The fiduciary standard doesn’t guarantee perfect advice or behavior. For one, advice is only as sound as the adviser giving it—an adviser might have a you-first mentality and compensation structure, but if they don’t have sufficient experience and expertise, their service might not be beneficial. The law, after all, doesn’t mandate market savvy. It just tries to encode and enforce certain principles.
Even then, rules don’t guarantee everyone under them upholds those standards. The fiduciary standard is a fine thing, but rules can be broken—and have been broken many times. As legendary investor Lucien Hooper wrote in a 1945 debate over establishing a professional standard for securities analysts, financial professions aren’t unlike “the professions of medicine, law, engineering or accounting. The fact that these other professions have ratings, it should be noted, has not enabled them to eradicate all the incompetents, crooks, and charlatans.” Ultimately, people are governed by their own values—their inner sense of right and wrong. If they lack conscience and an ethical compass, the rules might not matter to them. They might seek ways around them or break them and hope they don’t get caught.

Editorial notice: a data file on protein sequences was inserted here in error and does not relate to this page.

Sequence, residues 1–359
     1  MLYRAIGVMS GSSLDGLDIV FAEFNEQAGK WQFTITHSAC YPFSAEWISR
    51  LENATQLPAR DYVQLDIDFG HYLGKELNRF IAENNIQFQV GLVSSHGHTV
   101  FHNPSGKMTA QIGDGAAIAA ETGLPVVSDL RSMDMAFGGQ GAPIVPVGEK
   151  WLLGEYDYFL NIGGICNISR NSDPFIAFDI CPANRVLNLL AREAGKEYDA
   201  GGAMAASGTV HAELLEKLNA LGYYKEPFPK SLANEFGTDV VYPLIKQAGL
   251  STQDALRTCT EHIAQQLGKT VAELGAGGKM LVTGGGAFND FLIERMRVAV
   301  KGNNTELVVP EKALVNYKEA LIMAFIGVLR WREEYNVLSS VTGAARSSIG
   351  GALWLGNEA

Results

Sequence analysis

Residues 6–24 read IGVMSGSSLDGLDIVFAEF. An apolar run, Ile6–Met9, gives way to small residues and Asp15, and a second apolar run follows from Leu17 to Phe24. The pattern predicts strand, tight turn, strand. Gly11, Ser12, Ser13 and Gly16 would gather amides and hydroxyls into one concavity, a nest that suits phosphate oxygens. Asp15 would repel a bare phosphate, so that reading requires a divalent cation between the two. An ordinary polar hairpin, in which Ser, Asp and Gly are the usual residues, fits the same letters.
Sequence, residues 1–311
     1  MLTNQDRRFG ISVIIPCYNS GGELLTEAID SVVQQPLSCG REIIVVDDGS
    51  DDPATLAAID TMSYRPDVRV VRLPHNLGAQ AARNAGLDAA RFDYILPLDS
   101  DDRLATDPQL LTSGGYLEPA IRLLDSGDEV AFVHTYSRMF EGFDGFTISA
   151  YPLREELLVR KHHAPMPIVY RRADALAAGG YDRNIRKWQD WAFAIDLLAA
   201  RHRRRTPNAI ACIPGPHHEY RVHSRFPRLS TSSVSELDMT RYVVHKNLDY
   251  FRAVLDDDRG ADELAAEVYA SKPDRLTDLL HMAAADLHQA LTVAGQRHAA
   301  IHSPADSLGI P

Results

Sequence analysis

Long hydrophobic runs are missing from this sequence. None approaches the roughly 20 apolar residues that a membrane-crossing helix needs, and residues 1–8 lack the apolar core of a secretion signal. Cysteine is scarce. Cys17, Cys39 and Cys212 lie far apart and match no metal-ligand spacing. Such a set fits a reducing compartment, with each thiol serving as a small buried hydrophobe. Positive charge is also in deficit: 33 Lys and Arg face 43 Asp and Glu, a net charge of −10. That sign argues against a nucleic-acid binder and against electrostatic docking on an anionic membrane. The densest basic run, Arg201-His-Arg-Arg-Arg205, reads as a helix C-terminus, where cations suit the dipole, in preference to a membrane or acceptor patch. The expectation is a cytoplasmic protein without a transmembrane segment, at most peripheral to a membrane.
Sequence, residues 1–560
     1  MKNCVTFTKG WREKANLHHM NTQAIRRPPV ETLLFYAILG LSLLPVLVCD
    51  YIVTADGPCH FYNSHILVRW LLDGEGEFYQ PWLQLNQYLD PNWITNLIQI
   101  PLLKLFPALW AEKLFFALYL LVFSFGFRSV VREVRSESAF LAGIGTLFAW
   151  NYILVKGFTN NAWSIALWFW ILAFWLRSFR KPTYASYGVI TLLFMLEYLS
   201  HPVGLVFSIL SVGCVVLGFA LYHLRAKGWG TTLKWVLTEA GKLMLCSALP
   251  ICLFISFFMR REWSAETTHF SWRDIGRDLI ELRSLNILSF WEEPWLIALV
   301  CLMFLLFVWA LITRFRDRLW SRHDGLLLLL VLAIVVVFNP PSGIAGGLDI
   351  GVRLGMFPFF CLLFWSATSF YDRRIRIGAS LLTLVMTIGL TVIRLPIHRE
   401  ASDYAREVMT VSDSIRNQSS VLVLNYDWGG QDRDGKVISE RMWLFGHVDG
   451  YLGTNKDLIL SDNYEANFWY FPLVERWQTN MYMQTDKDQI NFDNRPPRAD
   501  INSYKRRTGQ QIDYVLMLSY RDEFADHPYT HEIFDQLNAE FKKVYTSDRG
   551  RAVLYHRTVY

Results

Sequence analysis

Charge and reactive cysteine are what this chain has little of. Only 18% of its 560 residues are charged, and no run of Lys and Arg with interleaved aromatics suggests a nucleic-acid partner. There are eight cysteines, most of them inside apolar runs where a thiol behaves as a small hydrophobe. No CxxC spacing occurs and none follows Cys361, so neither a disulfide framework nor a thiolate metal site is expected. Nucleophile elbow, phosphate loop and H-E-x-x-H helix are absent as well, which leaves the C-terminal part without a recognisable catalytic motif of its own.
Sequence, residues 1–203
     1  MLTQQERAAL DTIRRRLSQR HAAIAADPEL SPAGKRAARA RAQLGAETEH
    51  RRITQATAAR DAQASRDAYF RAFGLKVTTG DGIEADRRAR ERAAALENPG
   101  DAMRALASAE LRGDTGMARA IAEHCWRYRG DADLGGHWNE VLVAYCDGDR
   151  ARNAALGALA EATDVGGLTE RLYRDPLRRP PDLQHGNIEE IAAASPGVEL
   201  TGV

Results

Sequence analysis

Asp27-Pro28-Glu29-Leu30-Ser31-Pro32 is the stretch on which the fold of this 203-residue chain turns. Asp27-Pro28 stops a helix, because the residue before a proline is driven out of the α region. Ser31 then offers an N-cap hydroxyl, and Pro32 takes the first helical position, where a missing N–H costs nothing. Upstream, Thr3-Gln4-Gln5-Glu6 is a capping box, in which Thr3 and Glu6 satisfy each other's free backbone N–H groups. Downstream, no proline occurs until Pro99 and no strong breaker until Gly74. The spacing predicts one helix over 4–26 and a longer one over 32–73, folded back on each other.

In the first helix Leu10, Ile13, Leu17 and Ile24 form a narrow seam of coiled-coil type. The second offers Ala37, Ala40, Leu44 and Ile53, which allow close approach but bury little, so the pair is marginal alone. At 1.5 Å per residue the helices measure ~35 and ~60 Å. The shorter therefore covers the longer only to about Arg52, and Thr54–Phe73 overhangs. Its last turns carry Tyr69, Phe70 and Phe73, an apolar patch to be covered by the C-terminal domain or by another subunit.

If the fiduciary standard can’t guarantee perfect behavior in every corner of the investment adviser world, I fail to see how it can work some Mary Poppins magic on the brokerage world. I’m all in favor of anything bringing conflicts of interest to light—transparency is good. But I don’t think further blurring the line between sales and service is the answer. The more overlap there is, the more confusion potentially arises—the opposite of what those touting the uniform fiduciary standard want.
Whether or not the rule changes, this simple fact won’t: The only way to gauge whether a financial professional—regardless of designation—will give the best advice that puts you first is to research their values and principles. Find out everything you can about them—their philosophy, what motivates them, what they believe in, how they feel about the industry, what they as people value. Ask how their firm is structured to ensure their incentives are aligned with yours. Ask what systems and procedures they have in place to ensure you, the client, come first. What you find out will tell you far more than whatever rules they follow.